Paramecium bursaria chlorella virus MA-1D is a chlorovirus that infects Chlorella variabilis strain NC64A, a symbiont of the protozoan Paramecium bursaria. MA-1D has a 339-kb genome encoding ca. 366 proteins and 11 tRNAs. Like other chloroviruses, its major capsid protein (MCP) is decorated with N-glycans, whose structures have been solved in this work by using nuclear magnetic spectroscopy and matrix-assisted laser desorption ionization-time of flight mass spectrometry along with MS/MS experiments. This analysis identified three N-linked oligosaccharides that differ in the nonstoichiometric presence of three monosaccharides, with the largest oligosaccharide composed of eight residues organized in a highly branched fashion. The N-glycans described here share several features with those of the other chloroviruses except that they lack a distal xylose unit that was believed to be part of a conserved core region for all the chloroviruses. Examination of the MA-1D genome detected a gene with strong homology to the putative xylosyltransferase in the reference chlorovirus PBCV-1 and in virus NY-2A, albeit mutated with a premature stop codon. This discovery means that we need to reconsider the essential features of the common core glycan region in the chloroviruses.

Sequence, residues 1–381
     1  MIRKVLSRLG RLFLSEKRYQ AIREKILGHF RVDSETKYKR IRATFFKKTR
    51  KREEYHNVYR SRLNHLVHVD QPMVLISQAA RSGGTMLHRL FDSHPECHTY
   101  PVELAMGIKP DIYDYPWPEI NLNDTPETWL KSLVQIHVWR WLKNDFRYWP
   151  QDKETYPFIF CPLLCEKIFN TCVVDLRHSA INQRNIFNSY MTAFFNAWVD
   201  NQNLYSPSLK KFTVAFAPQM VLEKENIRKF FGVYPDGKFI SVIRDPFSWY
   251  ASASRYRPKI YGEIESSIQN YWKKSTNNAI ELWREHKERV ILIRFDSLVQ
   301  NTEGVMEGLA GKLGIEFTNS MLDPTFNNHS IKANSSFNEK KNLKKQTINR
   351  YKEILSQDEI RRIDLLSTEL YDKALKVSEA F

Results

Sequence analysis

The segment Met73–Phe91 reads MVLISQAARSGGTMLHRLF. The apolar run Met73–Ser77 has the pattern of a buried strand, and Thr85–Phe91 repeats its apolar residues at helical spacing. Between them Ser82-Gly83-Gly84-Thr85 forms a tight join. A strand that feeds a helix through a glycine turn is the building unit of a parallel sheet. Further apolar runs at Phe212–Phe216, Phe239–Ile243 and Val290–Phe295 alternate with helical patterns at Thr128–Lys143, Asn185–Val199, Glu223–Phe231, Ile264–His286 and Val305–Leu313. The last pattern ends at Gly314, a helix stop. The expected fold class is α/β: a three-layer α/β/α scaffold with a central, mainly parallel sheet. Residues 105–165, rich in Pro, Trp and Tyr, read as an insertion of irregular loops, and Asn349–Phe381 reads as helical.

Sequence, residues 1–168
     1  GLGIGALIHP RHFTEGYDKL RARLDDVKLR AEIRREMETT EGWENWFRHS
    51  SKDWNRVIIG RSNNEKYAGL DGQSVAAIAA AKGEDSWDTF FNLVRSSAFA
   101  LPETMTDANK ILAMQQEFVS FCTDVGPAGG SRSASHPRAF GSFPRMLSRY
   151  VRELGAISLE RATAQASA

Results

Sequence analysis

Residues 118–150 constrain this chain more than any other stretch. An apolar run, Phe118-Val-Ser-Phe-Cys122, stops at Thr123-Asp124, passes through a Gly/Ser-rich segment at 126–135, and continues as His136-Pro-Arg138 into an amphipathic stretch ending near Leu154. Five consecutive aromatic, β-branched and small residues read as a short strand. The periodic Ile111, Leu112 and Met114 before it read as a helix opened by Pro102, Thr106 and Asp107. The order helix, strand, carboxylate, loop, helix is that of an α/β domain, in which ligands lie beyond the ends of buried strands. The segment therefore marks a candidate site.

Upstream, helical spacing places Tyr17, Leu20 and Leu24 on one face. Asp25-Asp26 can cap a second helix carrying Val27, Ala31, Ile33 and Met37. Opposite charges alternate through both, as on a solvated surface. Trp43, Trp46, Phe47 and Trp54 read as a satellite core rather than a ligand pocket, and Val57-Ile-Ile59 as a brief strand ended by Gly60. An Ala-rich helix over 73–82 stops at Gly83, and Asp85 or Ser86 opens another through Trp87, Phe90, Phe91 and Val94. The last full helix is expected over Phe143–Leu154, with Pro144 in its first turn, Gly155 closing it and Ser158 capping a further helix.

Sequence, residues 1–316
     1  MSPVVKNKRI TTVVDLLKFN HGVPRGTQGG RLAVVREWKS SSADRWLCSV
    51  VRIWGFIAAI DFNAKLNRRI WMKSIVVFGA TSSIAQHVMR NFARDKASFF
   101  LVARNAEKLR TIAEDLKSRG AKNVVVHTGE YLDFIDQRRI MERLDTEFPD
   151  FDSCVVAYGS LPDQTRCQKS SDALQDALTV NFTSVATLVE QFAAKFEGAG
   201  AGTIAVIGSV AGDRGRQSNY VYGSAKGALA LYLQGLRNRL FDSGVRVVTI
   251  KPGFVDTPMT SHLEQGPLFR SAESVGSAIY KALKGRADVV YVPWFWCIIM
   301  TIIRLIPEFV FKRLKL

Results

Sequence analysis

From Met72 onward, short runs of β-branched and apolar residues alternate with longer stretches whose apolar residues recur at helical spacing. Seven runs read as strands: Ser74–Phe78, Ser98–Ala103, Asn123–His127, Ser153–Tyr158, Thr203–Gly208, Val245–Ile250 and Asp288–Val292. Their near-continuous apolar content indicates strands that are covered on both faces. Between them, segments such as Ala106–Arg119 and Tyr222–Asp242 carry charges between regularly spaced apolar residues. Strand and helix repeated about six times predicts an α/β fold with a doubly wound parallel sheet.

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  6. Abstract